My son has been busting out with mad sweetness for the past 24 hours. Although he asserted his masculinity by roaring along with some despairing OSU football fans last night for the first half of the game, when we came home, he sweetly decided he should brush my hair before bedtime. Then he kissed me on the forehead and said “Good night, mommy.”
This morning, he noticed the tiniest cut on my finger.
“Is this a boo-boo, mommy?”
“Yes. Just a little one. It doesn’t hurt,” I said.
“I’ll go and get you a bandage.”
And off he went to the bathroom, foraging for the band-aids, which were stored in a high cabinet that he had no prayer of reaching on his own. I tried to tell him that I didn’t need one, but he insisted until I brought down the box, pulled one out and helped him curl it around my pinky.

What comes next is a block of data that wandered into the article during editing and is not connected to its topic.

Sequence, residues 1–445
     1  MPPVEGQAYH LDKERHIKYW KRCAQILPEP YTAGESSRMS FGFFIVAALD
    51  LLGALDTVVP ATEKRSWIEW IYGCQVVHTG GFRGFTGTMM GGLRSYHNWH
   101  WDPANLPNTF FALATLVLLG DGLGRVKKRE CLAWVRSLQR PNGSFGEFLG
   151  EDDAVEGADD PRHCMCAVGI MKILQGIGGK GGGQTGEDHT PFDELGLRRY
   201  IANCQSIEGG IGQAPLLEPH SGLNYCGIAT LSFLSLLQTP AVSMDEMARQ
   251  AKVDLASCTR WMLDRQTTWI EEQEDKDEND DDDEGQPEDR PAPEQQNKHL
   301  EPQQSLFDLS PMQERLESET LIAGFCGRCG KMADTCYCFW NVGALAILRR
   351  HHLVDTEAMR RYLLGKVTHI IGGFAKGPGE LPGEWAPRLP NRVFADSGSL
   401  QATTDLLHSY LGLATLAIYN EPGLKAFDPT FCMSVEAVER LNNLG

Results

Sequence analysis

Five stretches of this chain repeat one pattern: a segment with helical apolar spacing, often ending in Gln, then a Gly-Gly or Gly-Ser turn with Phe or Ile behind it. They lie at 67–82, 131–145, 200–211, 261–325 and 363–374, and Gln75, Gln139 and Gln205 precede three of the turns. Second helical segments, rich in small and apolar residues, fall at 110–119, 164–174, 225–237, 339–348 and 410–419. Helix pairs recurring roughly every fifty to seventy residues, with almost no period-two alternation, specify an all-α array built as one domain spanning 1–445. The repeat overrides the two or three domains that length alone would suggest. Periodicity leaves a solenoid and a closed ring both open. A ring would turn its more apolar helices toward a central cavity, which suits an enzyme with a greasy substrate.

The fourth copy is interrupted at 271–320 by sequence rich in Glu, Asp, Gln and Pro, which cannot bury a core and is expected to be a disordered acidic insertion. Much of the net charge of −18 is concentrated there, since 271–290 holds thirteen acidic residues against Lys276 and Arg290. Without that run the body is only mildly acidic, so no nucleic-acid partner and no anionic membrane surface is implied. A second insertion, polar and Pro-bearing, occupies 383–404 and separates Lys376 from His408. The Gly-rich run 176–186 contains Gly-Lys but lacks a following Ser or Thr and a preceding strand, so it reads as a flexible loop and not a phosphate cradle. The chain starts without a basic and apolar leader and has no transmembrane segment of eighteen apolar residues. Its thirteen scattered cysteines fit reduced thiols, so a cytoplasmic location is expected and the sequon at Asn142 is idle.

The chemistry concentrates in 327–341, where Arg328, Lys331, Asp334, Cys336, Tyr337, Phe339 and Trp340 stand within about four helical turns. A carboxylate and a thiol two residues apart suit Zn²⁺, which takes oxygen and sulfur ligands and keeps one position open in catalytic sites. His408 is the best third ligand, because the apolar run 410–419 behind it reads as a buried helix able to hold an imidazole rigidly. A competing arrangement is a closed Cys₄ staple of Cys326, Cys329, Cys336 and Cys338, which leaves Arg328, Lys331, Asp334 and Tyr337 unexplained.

“There you go. Is that better now?” He asked.
Seeing his desire to be a caretaker, to be useful and kind, my heart lurched a little.
“It’s so much better now, thank you Declan,” I said, hugging him tightly, kissing his forehead.
“You’re welcome,” he answered.
Do I really have to subject him to (or share him with) the rest of the world?